Does Maglev Hurt High Speed Rail?

This article from Metropolis looks at the plan for a magnetic-levitation train connecting Las Vegas and Anaheim, which has been brewing for years. But is this idea detracting from more feasible high speed rail plans?

"Magnetic levitation, which involves running high-speed trains on a cushion of electromagnetic attraction or repulsion (depending on the system), is one of those futuristic ideas that have never quite arrived. I associate maglev less with LaRouche (who has the technology entangled with his vision of a Eurasian land bridge linking all the world's continents via, in part, the Bering Strait) and more with New York's late Senator Daniel Patrick Moynihan, who in 1988 organized the Maglev Technology Advisory Com­mittee. It was the first of many congressional committees, none of which ever allocated more than token funding to about a half-dozen approved maglev projects."

"While we have been dreaming about floating trains, Europe has been methodically threading its cities together with a sophisticated high-speed rail network. The French TGV, a conventional train with earthbound steel wheels, broke the land-speed record last year, hitting 357 miles an hour on a test track. Asia, too, has invested in high-speed rail: the famous Japanese bullet trains have been in operation since the 1960s, and Beijing's new high-speed line, which debuted for the Olympics, can go as fast as 220 miles an hour. Even Argentina is about to build a 440-mile-long high-speed rail line. What do we have? Well, we've got the Northeast Corridor, where Amtrak's Acela Express can, on a good day-and only on two short stretches in Rhode Island and Massachusetts-reach 150 miles an hour. And, apparently, we're gearing up to spend an estimated $12 billion linking our two most significant tourist destinations."

Full Story: Fast Train Coming (Slowly)



Maglev doesn't hurt anything.

Whether the California HSR project goes forward or not does not depend on the influence of maglev technology, if you ask me. Other than a few "wonks" living in the southern parts of the state I doubt anyone is pressing the CA HSR Authority for a maglev solution anyway. The project should rightfully sink or swim on its merits when the voters go to the polls in November, since it's more about financing than technology for now.

Having said that, I hope that if and when the project seeks technology suppliers to construct the line at least one maglev supplier bids for the job. Seemingly this would be the German Transrapid high-speed maglev, which is the most mature system out there, but there might be more bidders in the wings. These bidders would serve to keep the project honest in its selection of technology for the state.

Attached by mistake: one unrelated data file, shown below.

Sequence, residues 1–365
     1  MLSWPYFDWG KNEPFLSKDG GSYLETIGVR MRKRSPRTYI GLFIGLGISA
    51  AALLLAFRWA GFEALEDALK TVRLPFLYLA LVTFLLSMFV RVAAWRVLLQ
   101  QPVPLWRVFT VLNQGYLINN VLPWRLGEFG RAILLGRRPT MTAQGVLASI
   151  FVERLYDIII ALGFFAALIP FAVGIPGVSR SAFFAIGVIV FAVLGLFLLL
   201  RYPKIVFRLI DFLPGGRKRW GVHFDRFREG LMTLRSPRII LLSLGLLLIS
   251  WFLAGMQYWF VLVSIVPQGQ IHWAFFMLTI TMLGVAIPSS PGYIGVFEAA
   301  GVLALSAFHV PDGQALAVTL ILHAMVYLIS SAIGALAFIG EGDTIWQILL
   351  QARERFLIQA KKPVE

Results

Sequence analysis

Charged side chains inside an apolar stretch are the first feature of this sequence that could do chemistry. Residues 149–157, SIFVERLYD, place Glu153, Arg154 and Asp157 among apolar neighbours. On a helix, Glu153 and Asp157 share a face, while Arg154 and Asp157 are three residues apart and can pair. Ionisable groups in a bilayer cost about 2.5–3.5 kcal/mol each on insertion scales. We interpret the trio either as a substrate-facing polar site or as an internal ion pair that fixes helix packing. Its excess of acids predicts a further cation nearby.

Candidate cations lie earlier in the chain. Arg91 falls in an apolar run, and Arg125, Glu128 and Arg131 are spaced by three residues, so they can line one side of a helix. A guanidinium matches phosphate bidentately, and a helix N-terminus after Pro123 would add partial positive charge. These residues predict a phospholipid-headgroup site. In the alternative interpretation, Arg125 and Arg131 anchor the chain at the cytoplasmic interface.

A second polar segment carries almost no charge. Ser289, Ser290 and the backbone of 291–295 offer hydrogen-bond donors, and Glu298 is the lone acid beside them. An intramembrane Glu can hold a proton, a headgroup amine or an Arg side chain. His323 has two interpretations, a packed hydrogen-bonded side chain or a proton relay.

By the way, I served on Senator Moynihan's Maglev Technology Advisory Committee back in the late 1980s. Those were heady times for maglev proponents, but unfortunately times have changed. And not for the better.
Laurence E. Blow
MaglevTransport, Inc.

Maglev in California

CAHSR decided maglev did not have a sufficiently solid track record to risk using it for the California system. For starters, there is only one viable vendor (Transrapid consortium) vs. at least seven for steel wheels HSR. There is only a single, short maglev line in commercial service anywhere in the world vs. thousands of miles of steel wheels HSR corridors (and many more in planning or under construcion).

It's a little like VHS vs. Betamax: market penetration matters more than superior technology. Besides, with uninterrupted broadband internet access already a reality on some European TGVs, extreme speed is no longer as critical. The focus is shifting to productivity on the move.

More prosaically, there were concerns maglev simply would not fit into the very narrow corridors available for rail in the SF peninsula and Orange County, where legacy regional rail operators will remain active as "HSR feeders".

If prop 1A passes, the state of Nevada could decide to abandon its maglev project in favor of a steel wheels spur from Mojave to Las Vegas via Barstow. The 200 miles could be covered in about an hour. On-board check-in and security plus code sharing could turn Palmdale into a relief airport for McCurran, eliminating the need to construct a new one at Ivanpah. Instead of just Anaheim, California destinations would include LA, Fresno, Bakersfield, the Bay Area, Sacramento and San Diego - all without an additional mountain crossing into the LA basin.

This would leave Cajon Pass available for expanding heavy freight capacity. SCAG is considering a maglev line from the LA/LB ports to an inland container terminal in San Bernardino county, e.g. near Hesperia. The tracks would be supported by pylons in the middle of existing freeways. At first, this sounds even more outlandish than passenger maglev. After all, it takes a lot of magnetic force to make a shipping container levitate. You'd also not want such a heavy load to move at very high speed.

However, in the specific context of Southern California, freight maglev at moderate speed could offer some key benefits:

- additional freight capacity through the congested LA basin (since maglev uses aerial structures),

- steeper gradient capability (no need for tunnels),

- low noise (especially relevant for nighttime operations) and,

- zero tailpipe emissions (cp. steel wheels plus catenary).

Ergo, maglev isn't hurting high speed rail. Rather, the marketing focus on high speed rather than other benefits is hurting maglev.

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